How to Learn to Forgive Others?

Sensitivity is not the most useful quality, especially if you want to achieve success in any walk of life. How can you stop being offended, learn to forgive and start enjoying life?

Put yourself in the shoes of the abuser and be stronger.

Everyone knows the words of Gandhi “The weak can never forgive. Forgiveness is an attribute of the strong“. On the contrary, we deliberately offend and inflict pain in moments of weakness. If you are having difficulty with letting go of the grudge against the person that made you suffer, remind yourself that you are a strong side in this situation, and the victim is your abuser.

Judge for yourself: a strong, happy person that is in harmony with himself is unlikely to be able to consciously harm another person. It makes sense for him to feel regret and condescension, but certainly not anger and resentment.

Forgiveness is not a reward

Of course, if a very close person who needs your forgiveness has inflicted a serious offense on you, his favor will be higher than any reward. Fortunately, the loved ones offend us not very often. You need to remember that you yourself need forgiveness more than others.

Psychologists say that accumulated grievances tend to destroy you from the inside over the years. Continuing to remember the negative moments of our life, we relive them from time to time. Do you like to mock yourself? Then keep up the good work. If you want to be happy, let go of the situation and forgive those who hurt you.

Remember how you were forgiven

Each of us has our own “skeletons in the cupboard” – actions that we are not proud of and that probably once caused pain to others. Remember how you regretted your own mistakes and how important it was for you to receive forgiveness from those you hurt. Realizing that no one is perfect will help you not to be angry with the person who caused your worries.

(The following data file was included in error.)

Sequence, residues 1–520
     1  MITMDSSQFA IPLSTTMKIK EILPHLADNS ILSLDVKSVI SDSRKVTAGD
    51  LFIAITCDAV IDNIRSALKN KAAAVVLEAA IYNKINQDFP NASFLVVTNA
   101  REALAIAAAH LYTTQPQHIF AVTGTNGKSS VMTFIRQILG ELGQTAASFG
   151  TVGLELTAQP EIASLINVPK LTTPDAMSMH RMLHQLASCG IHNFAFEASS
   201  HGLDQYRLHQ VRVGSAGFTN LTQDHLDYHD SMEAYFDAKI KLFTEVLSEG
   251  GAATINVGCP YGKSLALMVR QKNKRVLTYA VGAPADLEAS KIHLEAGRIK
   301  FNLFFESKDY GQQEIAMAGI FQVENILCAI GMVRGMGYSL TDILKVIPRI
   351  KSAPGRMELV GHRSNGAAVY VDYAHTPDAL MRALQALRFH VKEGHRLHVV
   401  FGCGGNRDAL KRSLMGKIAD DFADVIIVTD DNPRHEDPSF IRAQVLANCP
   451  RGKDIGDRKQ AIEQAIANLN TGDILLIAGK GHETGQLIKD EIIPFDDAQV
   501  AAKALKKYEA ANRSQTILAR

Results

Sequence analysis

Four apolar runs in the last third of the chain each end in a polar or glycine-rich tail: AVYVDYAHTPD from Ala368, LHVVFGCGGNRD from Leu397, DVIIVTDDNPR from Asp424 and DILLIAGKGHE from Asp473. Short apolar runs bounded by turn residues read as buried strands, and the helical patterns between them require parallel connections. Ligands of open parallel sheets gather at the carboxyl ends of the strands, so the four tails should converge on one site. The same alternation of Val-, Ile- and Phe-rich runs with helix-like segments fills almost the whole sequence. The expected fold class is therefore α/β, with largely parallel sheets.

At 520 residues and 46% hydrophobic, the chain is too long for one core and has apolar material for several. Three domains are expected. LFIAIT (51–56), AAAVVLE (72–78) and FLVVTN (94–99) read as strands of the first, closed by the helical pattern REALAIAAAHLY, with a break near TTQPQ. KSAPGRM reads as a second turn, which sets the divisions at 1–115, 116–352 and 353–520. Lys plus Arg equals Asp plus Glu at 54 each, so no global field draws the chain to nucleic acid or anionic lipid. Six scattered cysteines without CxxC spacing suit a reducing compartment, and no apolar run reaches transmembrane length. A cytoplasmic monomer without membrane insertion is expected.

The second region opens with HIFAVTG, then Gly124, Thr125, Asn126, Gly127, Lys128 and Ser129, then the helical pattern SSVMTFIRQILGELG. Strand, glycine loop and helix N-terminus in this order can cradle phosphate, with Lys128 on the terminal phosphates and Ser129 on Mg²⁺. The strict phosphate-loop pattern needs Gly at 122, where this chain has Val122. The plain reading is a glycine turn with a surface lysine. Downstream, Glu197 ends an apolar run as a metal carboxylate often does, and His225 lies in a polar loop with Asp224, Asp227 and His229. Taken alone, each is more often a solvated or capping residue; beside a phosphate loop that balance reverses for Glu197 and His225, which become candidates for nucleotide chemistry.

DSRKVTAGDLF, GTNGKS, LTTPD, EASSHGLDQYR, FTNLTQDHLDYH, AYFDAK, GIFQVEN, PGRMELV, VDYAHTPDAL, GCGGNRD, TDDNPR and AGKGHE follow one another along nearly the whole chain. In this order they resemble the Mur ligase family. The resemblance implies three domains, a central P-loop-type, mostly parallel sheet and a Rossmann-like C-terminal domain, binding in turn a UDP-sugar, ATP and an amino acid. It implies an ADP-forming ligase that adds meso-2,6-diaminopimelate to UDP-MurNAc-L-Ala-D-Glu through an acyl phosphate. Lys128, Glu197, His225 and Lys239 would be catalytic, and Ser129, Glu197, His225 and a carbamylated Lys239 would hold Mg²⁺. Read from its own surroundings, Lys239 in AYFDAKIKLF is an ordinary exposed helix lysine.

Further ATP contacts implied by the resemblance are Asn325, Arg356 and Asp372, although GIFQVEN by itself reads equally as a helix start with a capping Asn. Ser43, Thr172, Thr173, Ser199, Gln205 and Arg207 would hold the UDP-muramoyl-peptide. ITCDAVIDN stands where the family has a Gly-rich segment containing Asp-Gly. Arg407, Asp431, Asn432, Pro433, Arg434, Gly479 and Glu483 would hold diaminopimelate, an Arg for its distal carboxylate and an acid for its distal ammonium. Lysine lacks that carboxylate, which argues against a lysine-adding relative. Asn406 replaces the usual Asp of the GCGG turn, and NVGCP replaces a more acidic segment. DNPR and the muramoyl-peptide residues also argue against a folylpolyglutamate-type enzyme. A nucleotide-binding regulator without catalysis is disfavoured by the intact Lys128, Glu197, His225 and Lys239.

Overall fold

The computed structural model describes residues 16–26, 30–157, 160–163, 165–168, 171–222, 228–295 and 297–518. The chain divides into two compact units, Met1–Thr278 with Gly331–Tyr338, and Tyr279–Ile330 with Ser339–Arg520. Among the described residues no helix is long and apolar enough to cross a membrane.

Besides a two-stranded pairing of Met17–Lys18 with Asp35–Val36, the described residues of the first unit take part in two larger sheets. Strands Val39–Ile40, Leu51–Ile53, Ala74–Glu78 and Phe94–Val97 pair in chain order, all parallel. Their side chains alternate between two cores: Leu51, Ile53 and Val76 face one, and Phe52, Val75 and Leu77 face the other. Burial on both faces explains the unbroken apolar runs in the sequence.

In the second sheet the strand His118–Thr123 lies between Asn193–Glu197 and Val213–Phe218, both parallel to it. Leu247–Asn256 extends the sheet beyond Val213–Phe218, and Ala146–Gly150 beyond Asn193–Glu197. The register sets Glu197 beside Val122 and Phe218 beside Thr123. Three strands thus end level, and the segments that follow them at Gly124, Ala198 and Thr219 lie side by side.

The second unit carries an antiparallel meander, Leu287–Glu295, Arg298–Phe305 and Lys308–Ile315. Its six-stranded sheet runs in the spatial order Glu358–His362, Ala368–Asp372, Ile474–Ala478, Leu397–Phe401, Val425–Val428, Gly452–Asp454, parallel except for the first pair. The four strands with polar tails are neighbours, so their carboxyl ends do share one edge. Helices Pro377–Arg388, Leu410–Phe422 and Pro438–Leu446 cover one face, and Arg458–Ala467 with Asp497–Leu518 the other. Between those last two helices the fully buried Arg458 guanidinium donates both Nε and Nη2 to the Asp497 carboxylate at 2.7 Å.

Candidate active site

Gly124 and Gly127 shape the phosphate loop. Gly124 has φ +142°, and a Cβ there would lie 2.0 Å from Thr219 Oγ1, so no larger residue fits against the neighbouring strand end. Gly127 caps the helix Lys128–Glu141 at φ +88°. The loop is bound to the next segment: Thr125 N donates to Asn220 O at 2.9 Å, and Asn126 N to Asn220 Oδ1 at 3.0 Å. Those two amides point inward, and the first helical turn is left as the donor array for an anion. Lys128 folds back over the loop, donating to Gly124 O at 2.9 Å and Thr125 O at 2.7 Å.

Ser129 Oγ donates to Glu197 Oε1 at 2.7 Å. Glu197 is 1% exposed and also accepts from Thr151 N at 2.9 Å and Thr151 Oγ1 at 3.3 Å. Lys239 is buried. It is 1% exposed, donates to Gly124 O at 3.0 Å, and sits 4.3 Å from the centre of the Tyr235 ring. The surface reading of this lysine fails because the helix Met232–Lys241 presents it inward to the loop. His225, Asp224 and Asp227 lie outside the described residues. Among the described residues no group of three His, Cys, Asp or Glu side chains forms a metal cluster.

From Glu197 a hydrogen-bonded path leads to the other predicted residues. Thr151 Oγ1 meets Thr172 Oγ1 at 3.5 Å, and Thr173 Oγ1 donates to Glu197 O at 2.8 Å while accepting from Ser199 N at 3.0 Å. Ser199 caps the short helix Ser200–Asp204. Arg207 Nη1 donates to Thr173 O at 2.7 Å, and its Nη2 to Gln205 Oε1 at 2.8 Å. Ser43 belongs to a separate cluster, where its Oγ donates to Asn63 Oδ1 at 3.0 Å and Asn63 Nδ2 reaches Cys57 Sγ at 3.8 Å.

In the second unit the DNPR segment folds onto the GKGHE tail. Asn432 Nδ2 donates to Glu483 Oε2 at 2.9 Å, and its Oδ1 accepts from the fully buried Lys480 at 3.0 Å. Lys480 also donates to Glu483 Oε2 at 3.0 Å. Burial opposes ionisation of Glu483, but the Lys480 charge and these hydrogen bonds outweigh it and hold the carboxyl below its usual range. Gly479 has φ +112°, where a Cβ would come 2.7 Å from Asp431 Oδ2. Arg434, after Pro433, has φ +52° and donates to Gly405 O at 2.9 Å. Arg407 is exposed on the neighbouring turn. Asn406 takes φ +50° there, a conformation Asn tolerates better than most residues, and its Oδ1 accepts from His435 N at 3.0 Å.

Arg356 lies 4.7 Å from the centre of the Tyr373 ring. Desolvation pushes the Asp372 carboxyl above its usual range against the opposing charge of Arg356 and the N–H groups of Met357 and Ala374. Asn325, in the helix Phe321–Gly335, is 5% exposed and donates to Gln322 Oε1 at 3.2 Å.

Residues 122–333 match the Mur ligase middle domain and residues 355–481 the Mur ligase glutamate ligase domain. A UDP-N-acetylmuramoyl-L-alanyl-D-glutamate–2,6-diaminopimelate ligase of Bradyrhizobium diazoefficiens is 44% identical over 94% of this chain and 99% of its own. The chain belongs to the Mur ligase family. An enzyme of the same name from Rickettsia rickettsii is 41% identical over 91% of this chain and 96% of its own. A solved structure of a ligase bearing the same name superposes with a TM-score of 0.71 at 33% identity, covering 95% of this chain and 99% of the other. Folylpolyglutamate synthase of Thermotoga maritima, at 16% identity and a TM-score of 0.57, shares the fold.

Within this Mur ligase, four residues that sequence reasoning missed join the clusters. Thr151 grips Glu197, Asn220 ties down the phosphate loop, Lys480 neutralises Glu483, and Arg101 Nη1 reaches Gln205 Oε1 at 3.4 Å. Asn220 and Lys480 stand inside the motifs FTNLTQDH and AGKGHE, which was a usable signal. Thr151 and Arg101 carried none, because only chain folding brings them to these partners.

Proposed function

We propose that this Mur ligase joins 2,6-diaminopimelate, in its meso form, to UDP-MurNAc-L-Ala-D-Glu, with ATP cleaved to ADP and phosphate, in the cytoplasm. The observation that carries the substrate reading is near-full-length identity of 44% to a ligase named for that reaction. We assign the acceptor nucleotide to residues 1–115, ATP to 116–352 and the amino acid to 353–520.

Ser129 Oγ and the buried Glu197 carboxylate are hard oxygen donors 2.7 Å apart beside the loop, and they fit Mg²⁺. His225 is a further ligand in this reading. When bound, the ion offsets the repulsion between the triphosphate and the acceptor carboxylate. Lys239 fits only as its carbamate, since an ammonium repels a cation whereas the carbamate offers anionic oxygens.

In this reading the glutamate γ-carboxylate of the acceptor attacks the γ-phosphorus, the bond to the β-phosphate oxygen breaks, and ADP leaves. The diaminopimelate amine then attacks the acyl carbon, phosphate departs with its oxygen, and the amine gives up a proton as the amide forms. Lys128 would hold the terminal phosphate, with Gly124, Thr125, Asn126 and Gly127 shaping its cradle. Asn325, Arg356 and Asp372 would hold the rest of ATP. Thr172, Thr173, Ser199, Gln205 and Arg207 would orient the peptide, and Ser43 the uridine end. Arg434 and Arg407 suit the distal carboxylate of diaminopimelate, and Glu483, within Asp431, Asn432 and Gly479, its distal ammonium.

During conflicts, we perceive many things much more sharply than we would do in a state of rest. For this reason, after the end of the quarrel, we cannot figure out why we are so offended.

Having already cooled down, analyze the conflict, imagine yourself as an experienced psychologist, look at the problem from the outside, perhaps it is not worth your suffering for many years.

Feel your emotions

Forgiveness is often erroneously perceived as giving up our own emotions. You can wonder if it is possible to forgive a cheating lover or a friend who betrayed you when you feel so down and dirtied.

Trying to ignore bitterness and resentment can help you hold your head up high, but it has little to do with real forgiveness. Respect your experiences, find an opportunity to live through them, and feel them in full force: share them with your faithful friend, seek help from a psychologist, write a “letter to the offender” (it is not necessary to send it). You will feel relieved – if not immediately, then with time.

Let go of the situation

The past cannot be changed. Everything happened the way it happened and sank into oblivion. In this case, if we found out that everything, without exception, remains in the past, including resentment, overpowering yourself – determine which moment in your life gives you strong discomfort, and firmly decide not to concentrate on it.

Switch your attention to something else, live your life here and now. You can even end the letter to the offender with the words: “I forgive you” – or imagine how you say it in his face. Having done all the required manipulations with your consciousness, you will feel relieved.

Take the situation as a lesson

Forgiving someone who broke your heart, betrayed you, or just offended you will be easier if you acknowledge that even the most disgusting situation has a positive side. Any event is a life lesson for us in one way or another. Unfortunately, bitter lessons are usually the most useful ones.

It is through resentment and disappointment that we arrive at the wiser choices of friends and the ability to appreciate true love. Well, since your offender has played the role of such a “teacher” – you should mentally thank him for this, draw conclusions and … forgive.

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